Using Spatial Index
I want to learn how to use Spatial Index in SQL SERVER 2012. I have some very time-consuming query so I need it.
I would be very grateful for some example and explanation.
I presented a session at the SQLBits conference a while ago that you might find helpful. You can still view the video and slidedeck online at: http://sqlbits.com/Sessions/Event5/Creating_High_Performance_Spatial_Databases
In a nutshell:
- Spatial indexes are totally different to clustered and non-clustered indexes in SQL Server.
- They work by providing a "primary filter" for a spatial query - the spatial index uses a grid to select an approximate set of possible candidate results, but which may include false positives.
- A secondary filter then eliminates the false positives to get the true result set for the query.
- The key to getting a fast-performing spatial query is to create an index that is accurate (i.e. few false positives) but small (i.e. not too many records to search) so that most of the work is done by the primary filter, and not the more expensive secondary filter.
- You can create a spatial index on a column of geometry/geography data using SQL Server Management Studio, or using a CREATE INDEX T-SQL statement. However, that index may not always be automatically used in queries. To check whether a spatial index is being used, look at the query execution plan for a Clustered Index Seek (Spatial) item.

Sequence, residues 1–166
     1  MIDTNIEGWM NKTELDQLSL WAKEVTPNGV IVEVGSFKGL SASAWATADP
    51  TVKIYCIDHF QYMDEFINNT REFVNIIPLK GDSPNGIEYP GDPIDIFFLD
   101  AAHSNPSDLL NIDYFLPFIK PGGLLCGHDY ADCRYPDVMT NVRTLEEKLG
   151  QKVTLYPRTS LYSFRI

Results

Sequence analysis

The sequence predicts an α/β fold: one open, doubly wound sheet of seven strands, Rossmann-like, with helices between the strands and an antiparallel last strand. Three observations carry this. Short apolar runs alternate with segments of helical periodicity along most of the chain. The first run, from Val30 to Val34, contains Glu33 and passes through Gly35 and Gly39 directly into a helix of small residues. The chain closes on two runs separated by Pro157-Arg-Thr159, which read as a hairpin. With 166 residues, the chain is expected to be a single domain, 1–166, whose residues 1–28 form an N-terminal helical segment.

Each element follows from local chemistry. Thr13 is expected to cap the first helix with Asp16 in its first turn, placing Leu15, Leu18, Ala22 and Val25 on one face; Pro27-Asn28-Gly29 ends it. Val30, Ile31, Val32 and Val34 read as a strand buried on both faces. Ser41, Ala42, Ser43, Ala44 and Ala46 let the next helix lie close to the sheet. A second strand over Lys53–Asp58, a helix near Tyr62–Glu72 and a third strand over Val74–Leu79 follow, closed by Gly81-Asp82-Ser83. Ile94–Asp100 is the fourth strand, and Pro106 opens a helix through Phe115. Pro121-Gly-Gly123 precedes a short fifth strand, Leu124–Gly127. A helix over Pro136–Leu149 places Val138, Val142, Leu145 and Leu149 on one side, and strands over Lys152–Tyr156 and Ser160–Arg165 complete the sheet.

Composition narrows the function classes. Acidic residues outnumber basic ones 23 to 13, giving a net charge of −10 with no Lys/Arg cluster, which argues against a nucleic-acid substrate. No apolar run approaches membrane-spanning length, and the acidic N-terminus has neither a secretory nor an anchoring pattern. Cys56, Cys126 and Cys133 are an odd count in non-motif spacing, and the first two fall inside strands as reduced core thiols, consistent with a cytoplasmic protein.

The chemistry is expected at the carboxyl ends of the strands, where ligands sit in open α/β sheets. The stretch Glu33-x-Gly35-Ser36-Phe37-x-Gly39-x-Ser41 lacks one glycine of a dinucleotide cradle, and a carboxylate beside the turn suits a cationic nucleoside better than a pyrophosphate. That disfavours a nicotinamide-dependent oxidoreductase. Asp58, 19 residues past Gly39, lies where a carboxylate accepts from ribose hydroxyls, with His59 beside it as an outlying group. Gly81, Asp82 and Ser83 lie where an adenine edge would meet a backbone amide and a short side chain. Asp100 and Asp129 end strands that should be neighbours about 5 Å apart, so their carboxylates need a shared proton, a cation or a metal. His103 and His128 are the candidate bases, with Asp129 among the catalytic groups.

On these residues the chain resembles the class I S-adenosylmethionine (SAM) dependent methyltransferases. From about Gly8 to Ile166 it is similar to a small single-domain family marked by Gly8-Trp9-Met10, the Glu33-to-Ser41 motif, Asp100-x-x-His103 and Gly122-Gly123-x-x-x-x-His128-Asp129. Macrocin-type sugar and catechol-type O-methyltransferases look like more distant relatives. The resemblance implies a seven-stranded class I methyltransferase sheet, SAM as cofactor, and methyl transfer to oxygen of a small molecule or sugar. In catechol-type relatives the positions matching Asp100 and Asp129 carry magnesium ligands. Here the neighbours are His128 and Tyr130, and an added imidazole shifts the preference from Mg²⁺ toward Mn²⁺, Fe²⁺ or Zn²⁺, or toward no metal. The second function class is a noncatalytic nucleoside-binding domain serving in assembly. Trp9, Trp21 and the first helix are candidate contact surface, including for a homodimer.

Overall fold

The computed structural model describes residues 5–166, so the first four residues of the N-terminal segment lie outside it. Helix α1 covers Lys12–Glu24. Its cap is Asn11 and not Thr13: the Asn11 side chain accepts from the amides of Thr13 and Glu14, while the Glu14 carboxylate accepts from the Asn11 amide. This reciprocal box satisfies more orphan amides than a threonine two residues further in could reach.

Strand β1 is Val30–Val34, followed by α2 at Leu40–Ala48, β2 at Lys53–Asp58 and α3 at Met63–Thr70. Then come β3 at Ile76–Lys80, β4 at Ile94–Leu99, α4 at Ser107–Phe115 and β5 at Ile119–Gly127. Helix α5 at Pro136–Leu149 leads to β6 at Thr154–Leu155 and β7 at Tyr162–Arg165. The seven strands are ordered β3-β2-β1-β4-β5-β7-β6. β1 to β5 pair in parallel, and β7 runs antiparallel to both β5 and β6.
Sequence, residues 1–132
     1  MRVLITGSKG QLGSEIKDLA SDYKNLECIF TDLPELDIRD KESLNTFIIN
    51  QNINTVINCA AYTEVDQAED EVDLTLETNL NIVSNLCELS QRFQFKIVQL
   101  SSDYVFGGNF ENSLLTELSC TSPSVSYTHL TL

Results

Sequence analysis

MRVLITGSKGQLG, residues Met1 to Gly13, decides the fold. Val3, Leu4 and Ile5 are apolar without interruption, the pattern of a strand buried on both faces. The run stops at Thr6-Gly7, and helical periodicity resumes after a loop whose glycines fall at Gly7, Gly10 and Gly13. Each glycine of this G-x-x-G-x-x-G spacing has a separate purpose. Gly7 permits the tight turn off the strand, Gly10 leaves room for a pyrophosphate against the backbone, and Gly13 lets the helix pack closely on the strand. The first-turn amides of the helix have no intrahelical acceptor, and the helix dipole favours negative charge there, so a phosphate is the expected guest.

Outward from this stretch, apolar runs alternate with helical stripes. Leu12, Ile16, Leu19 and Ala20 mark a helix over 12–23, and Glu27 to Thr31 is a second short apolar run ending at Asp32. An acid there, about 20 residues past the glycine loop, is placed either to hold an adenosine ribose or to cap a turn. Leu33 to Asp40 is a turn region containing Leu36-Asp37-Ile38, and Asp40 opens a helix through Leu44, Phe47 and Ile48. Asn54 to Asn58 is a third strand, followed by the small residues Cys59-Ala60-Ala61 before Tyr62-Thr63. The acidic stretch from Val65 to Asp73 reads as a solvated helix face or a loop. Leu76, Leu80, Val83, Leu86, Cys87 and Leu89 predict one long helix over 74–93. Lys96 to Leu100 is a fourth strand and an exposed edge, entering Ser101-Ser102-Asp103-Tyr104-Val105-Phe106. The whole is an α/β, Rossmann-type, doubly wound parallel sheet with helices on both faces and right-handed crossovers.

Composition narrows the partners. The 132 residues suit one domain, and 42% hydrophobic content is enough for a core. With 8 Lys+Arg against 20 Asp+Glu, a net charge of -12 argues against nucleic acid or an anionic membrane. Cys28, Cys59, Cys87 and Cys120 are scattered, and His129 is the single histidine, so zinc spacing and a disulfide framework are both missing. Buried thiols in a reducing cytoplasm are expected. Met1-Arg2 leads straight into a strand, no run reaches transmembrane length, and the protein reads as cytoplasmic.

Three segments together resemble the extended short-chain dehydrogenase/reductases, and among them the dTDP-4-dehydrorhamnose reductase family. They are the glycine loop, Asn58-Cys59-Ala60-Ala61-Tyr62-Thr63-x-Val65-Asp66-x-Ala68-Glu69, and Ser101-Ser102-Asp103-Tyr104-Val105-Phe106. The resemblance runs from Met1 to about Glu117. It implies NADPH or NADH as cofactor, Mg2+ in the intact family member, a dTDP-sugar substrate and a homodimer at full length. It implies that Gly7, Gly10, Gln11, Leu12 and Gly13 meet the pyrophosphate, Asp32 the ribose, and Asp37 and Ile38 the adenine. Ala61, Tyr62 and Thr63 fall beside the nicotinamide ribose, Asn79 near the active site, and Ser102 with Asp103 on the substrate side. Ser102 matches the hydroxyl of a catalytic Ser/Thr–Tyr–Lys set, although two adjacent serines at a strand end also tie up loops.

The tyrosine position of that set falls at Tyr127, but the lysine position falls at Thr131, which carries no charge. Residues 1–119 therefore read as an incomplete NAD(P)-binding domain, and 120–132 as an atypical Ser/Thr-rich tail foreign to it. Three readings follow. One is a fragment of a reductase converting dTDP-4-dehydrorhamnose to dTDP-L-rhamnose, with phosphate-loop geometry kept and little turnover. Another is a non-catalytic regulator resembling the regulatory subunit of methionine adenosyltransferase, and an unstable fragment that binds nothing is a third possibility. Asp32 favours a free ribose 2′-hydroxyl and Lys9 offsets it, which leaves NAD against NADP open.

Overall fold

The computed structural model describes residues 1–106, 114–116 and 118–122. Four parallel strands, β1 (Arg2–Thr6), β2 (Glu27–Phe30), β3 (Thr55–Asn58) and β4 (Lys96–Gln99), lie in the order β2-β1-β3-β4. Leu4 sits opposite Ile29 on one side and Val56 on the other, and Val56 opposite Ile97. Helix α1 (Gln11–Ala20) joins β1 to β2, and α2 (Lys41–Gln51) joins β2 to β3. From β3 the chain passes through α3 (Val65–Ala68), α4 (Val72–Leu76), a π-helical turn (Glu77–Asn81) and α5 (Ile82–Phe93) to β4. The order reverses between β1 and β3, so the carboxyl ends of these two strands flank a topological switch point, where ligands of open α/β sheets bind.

- To make sure that a spatial index is used to fulfil a query, you can add an explicit index hint by including WITH(index(YourSpatialIndex)) following the table name in your SELECT statement.
There are several spatial-index specific settings that can affect the performance of the primary filter. To start with, I'd recommend that you stick to the default, which is MEDIUM resolution at all four levels of grids, and 16 cells per object. If you're using the geometry datatype, make sure you set a BOUNDING_BOX that encompasses the whole of your dataset (for geography, spatial indexes always cover the entire globe so this is not necessary). Then, try tweaking one setting at a time and measure the performance increase/decrease.
<plug>There's a chapter dedicated to spatial indexing and improving performance of spatial queries in the upcoming "Pro Spatial with SQL Server 2012"</plug> - http://www.amazon.com/Pro-Spatial-SQL-Server-2012/dp/1430234911/ref=sr_1_3?ie=UTF8&qid=1334310547&sr=8-3 (full disclaimer - I'm the author)